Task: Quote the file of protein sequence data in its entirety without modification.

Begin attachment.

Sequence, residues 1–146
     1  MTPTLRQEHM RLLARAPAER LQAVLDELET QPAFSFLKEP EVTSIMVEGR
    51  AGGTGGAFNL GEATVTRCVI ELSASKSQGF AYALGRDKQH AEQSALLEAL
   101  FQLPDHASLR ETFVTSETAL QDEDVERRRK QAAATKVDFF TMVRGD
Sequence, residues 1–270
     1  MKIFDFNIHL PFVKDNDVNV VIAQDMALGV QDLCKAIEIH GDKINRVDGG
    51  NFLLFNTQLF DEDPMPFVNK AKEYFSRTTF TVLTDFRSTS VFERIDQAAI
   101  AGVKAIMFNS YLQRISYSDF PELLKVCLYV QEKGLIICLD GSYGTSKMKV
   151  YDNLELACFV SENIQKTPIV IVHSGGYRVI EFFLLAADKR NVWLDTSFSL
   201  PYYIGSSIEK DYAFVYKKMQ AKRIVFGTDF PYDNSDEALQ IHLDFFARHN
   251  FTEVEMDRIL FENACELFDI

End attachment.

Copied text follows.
Sequence, residues 1–146
     1  MTPTLRQEHM RLLARAPAER LQAVLDELET QPAFSFLKEP EVTSIMVEGR
    51  AGGTGGAFNL GEATVTRCVI ELSASKSQGF AYALGRDKQH AEQSALLEAL
   101  FQLPDHASLR ETFVTSETAL QDEDVERRRK QAAATKVDFF TMVRGD
Sequence, residues 1–270
     1  MKIFDFNIHL PFVKDNDVNV VIAQDMALGV QDLCKAIEIH GDKINRVDGG
    51  NFLLFNTQLF DEDPMPFVNK AKEYFSRTTF TVLTDFRSTS VFERIDQAAI
   101  AGVKAIMFNS YLQRISYSDF PELLKVCLYV QEKGLIICLD GSYGTSKMKV
   151  YDNLELACFV SENIQKTPIV IVHSGGYRVI EFFLLAADKR NVWLDTSFSL
   201  PYYIGSSIEK DYAFVYKKMQ AKRIVFGTDF PYDNSDEALQ IHLDFFARHN
   251  FTEVEMDRIL FENACELFDI